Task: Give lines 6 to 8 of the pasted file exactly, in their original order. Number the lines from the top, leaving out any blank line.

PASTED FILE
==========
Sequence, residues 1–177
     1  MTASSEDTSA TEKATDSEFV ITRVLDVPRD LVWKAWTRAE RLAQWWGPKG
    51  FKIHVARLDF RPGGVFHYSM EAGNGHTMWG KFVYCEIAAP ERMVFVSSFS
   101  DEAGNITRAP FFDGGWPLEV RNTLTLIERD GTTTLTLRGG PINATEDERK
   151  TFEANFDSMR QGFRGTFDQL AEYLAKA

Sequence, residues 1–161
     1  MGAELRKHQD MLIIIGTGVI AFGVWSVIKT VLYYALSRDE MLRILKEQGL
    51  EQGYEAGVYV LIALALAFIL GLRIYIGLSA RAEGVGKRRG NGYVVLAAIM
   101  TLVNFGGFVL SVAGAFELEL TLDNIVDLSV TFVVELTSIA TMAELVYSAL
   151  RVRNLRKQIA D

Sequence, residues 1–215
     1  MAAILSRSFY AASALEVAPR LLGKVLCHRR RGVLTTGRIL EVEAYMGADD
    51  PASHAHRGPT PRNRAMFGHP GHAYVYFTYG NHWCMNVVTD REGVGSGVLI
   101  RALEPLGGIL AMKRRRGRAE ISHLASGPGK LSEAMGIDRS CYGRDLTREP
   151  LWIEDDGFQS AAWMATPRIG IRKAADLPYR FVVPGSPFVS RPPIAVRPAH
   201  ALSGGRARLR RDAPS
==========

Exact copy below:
Sequence, residues 1–161
     1  MGAELRKHQD MLIIIGTGVI AFGVWSVIKT VLYYALSRDE MLRILKEQGL
    51  EQGYEAGVYV LIALALAFIL GLRIYIGLSA RAEGVGKRRG NGYVVLAAIM